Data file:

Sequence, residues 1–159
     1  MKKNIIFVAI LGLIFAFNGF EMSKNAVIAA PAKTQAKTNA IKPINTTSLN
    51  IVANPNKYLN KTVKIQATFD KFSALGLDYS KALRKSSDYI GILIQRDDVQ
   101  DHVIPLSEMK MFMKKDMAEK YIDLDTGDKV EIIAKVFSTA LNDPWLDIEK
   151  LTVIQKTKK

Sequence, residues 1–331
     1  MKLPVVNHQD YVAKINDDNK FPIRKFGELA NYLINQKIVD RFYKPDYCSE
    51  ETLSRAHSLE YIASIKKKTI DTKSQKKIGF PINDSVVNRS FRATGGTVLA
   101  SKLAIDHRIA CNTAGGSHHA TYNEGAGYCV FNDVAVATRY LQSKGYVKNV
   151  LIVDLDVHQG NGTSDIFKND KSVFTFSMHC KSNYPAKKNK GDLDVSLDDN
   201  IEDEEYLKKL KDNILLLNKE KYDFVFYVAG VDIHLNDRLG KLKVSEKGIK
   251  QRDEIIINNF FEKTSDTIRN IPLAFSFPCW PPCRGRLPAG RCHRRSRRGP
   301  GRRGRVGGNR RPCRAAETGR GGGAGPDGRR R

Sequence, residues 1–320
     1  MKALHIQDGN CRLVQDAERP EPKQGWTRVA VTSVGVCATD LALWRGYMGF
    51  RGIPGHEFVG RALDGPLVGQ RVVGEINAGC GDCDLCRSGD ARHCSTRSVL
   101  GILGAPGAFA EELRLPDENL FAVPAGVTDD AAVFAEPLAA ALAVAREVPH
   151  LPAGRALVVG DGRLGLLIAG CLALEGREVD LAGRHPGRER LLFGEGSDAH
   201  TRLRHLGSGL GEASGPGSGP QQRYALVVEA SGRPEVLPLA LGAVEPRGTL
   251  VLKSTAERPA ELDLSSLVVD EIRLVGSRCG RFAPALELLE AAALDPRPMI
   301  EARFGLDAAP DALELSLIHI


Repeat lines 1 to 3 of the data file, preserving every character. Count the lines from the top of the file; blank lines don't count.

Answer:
Sequence, residues 1–159
     1  MKKNIIFVAI LGLIFAFNGF EMSKNAVIAA PAKTQAKTNA IKPINTTSLN
    51  IVANPNKYLN KTVKIQATFD KFSALGLDYS KALRKSSDYI GILIQRDDVQ